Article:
Weekly update from the National Housing Conference
May 16, 2019
Guest Member Note I By Alice Carr
Dear Friend,

This month we are inaugurating a new feature, a Guest Member Note, where a member of NHC’s Leadership Circle has an opportunity to write our Member Note.This Guest Member Note has been written by Alice Carr, head of community development banking at JPMorgan Chase. It originally appeared on commercialobserver.com on May 6, 2019.

We’re in a 50-Year Affordable Housing Crisis 

The American Dream has been defined, in part, as the ability to afford a decent roof over your head. Half a century ago, that aspiration seemed more or less attainable for a broad portion of the country. Fast forward to today and that dream has become significantly harder to realize. Since the Great Depression, federal housing assistance programs have been necessary to help address a growing shortage of affordable housing.

Today, in the 50 largest metropolitan areas, only 37 affordable rental homes are available for every 100 low-income renter households, according to the National Low Income Housing Coalition ( NLIHC). With homelessness increasing and rent prices soaring, we are facing a shortage of more than 7 million (NLIHC) affordable and available rental homes in the U.S.—and that number is growing.

It’s a start, but it’s not enough
The mission to provide low-income people with quality, affordable places to live through public housing started with the U.S. Housing Act of 1937. For years, the federal government and private entities have created various programs to promote fair housing, attract private investors and create new affordable rental housing.

In the late 1950s and 1960s, Congress created several programs offering low interest rates subsidies to private owners to spur affordable housing construction. In the 1970s, the Housing and Community Development Act made significant changes, putting more responsibility on local jurisdictions to create housing programs and meet the needs of their residents. In the mid-1980s came the creation of the Low Income Housing Tax Credit (LIHTC) program, a federal subsidy that helps finance the construction and rehabilitation of low-income affordable rental housing. Since its inception, over 3 million affordable housing units have been created, according to the LIHTC database created by the U.S Department of Housing and Urban Development.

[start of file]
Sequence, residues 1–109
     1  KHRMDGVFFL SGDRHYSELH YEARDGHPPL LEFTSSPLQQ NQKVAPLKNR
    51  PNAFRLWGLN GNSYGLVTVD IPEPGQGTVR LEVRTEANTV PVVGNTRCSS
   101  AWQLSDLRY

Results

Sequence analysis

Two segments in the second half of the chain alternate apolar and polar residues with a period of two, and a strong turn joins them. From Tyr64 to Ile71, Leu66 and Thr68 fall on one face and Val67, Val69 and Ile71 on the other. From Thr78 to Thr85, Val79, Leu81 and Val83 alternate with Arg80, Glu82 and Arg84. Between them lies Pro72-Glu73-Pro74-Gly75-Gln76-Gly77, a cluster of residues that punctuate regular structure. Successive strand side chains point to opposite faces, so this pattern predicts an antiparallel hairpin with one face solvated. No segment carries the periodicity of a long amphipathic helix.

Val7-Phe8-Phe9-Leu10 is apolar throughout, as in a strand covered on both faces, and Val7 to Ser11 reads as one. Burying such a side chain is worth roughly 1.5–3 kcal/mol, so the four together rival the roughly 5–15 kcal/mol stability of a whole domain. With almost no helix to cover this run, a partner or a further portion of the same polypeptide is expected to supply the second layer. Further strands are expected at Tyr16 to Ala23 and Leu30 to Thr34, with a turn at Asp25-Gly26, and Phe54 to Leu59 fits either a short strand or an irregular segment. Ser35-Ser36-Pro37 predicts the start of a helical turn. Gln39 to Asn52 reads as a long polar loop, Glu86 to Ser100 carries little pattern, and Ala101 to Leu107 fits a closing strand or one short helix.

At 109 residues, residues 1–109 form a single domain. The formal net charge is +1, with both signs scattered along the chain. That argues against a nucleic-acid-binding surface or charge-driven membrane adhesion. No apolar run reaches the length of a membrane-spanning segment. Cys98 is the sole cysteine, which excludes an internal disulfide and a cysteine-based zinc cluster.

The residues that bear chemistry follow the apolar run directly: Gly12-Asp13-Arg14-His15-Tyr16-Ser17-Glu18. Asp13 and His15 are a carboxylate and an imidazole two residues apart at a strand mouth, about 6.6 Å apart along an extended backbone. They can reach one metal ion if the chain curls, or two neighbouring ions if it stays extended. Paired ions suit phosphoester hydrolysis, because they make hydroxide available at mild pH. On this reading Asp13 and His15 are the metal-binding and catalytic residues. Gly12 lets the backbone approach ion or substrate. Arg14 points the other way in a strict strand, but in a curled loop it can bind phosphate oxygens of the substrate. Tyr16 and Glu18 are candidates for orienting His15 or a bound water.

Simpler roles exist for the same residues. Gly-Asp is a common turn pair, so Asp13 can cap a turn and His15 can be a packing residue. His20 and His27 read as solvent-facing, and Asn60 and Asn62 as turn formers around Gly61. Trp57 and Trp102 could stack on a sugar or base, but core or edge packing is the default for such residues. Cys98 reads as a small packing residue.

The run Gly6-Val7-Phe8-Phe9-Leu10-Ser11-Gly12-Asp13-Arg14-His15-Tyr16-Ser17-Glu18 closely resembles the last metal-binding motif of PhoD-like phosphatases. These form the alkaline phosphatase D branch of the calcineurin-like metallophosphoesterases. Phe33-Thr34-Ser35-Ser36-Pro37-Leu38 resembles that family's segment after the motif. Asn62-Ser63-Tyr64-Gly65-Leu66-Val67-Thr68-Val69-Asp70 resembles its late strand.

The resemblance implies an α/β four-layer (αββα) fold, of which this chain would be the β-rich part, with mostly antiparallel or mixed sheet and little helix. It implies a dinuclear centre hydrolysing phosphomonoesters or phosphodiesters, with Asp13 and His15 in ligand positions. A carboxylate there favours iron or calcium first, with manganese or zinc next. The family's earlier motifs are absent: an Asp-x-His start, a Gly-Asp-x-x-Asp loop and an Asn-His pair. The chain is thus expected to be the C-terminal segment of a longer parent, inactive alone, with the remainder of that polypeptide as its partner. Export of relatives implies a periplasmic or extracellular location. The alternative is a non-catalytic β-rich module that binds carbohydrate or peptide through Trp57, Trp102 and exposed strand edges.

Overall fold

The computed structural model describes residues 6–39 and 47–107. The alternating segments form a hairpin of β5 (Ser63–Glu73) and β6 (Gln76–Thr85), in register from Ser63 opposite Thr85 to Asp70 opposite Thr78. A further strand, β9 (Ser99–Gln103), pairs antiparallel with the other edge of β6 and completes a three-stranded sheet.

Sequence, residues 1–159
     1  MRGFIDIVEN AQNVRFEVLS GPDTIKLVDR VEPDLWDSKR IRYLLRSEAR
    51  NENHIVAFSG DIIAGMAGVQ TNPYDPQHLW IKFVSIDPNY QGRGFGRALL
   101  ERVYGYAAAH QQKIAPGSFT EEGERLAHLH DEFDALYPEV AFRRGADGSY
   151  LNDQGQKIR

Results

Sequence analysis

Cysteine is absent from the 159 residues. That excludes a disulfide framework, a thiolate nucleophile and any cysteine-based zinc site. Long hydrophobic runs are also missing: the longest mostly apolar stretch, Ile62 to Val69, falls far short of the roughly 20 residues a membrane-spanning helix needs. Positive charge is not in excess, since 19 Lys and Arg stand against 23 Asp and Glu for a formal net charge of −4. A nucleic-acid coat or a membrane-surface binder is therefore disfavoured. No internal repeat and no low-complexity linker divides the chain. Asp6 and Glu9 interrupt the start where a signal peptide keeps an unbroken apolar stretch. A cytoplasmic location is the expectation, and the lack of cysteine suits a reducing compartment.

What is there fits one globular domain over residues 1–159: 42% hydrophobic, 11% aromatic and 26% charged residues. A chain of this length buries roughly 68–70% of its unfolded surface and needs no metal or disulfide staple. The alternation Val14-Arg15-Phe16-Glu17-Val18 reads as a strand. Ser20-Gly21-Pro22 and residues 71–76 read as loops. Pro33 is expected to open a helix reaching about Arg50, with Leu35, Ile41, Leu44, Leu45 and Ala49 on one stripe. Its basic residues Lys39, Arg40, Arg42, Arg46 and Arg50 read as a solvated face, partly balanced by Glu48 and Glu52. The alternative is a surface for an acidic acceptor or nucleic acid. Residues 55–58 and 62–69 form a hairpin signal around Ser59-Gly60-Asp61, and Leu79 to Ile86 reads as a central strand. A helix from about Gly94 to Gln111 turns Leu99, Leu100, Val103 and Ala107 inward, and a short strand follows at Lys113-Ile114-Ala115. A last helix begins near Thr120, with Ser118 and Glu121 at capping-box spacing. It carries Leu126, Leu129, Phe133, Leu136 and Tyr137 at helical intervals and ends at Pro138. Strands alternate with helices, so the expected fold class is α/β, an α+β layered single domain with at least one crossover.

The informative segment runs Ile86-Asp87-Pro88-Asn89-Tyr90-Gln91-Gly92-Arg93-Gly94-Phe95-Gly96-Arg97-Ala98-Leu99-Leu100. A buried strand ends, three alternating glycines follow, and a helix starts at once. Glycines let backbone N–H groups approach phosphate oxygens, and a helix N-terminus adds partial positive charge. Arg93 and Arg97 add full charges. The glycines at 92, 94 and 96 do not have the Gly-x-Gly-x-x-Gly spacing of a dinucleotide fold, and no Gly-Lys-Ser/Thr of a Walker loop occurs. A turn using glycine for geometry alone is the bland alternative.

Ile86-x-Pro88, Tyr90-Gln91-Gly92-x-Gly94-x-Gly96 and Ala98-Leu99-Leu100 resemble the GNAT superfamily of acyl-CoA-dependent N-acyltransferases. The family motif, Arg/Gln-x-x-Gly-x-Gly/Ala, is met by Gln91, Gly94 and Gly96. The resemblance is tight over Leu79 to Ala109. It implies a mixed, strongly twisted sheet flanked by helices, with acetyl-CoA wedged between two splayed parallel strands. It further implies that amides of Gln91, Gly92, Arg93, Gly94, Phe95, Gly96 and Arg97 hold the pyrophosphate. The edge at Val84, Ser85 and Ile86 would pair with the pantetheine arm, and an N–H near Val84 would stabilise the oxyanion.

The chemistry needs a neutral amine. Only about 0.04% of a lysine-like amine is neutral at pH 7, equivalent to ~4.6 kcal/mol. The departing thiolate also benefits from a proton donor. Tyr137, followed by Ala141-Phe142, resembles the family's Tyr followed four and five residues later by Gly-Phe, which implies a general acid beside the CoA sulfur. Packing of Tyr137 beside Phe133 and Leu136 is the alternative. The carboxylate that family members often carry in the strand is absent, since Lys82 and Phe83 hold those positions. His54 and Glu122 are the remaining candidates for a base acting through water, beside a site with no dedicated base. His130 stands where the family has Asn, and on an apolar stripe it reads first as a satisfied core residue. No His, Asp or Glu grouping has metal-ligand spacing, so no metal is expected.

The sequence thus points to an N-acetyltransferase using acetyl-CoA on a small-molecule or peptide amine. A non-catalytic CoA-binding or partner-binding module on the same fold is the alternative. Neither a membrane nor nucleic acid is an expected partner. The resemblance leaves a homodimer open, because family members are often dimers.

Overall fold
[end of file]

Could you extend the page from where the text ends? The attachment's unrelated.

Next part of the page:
LIHTC has helped provide stable, long-term and safe housing, and is critical to addressing the larger issue of affordable housing—but is it enough to solve the crisis? When we look at how many housing units were being created 20 to 30 years ago compared to today, the market is still not delivering enough to meet demand. In addition, federal policy and government investments in housing have traditionally prioritized home ownership over affordable rental housing. The largest government housing subsidy is the mortgage interest rate deduction, which typically benefits middle-income and wealthier homeowners.

Tackling the issue together
To solve the growing affordable housing crisis, we need to think bigger and address federal housing policy and the investments needed from both the government and the private industry. To achieve long-term affordability, all industry players—from private and public sectors to for-profit and nonprofit entities—need to come together to create sustainable solutions that lead to naturally occurring affordable and workforce housing.

One example of industry innovation is a recently launched program from JPMorgan Chase called AdvancingCities. The $500 million, five-year initiative encourages long-term economic growth in cities across the world—the first winning cities were just announced. Up to $250 million of that commitment will be low-cost, long-term capital, enabling the firm to combine its philanthropic programs and business expertise to address the issue. We’re dedicated to supporting community development by providing loans and investments for affordable housing and neighborhood revitalization projects in order to help diverse communities in need not only catch up, but thrive.

With increasing demand for affordable units and the issue at the forefront of the political agenda, we expect growth in affordable housing lending to continue. We need to continue to encourage communities to take more ownership, engage government entities and partner with key industry players to tackle the issue head-on.
News from Washington I By Tristan Bréaux and
Quinn Mulholland
HUD acknowledges that proposed immigration rule would displace 55,000 children

Last Friday, HUD published a proposed rule in the Federal Register that would prohibit undocumented immigrants from receiving federal housing assistance, including public housing. The Washington Post reported that HUD acknowledged that the rule could displace more than 55,000 children who are in the country legally. HUD Secretary Ben Carson explained on FOX Business that his priority was serving “legitimate American citizens.” The proposed rule, however, was met with a wave of criticism from many different housing and immigration groups, including NHC. In a letter to Carson, a group of 20 Democrats on the House Financial Services Committee, including Chairwoman Maxine Waters, wrote that HUD’s proposed rule is “consistent with the Trump administration’s previous egregious attempts to intimidate immigrant communities, separate families, and undermine American values.”
Senators introduce bill to strengthen OZ reporting requirements